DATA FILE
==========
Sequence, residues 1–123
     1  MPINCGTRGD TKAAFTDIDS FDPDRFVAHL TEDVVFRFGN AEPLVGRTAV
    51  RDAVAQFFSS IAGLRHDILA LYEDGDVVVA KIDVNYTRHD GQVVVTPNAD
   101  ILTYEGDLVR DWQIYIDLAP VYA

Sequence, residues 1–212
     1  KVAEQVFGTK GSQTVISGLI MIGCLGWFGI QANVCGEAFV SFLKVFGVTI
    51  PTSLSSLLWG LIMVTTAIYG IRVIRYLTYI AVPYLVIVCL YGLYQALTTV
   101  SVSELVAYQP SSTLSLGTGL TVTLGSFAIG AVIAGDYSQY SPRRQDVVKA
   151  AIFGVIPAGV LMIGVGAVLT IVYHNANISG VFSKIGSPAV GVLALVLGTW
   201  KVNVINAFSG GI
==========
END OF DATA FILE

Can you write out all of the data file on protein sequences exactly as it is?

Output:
Sequence, residues 1–123
     1  MPINCGTRGD TKAAFTDIDS FDPDRFVAHL TEDVVFRFGN AEPLVGRTAV
    51  RDAVAQFFSS IAGLRHDILA LYEDGDVVVA KIDVNYTRHD GQVVVTPNAD
   101  ILTYEGDLVR DWQIYIDLAP VYA

Sequence, residues 1–212
     1  KVAEQVFGTK GSQTVISGLI MIGCLGWFGI QANVCGEAFV SFLKVFGVTI
    51  PTSLSSLLWG LIMVTTAIYG IRVIRYLTYI AVPYLVIVCL YGLYQALTTV
   101  SVSELVAYQP SSTLSLGTGL TVTLGSFAIG AVIAGDYSQY SPRRQDVVKA
   151  AIFGVIPAGV LMIGVGAVLT IVYHNANISG VFSKIGSPAV GVLALVLGTW
   201  KVNVINAFSG GI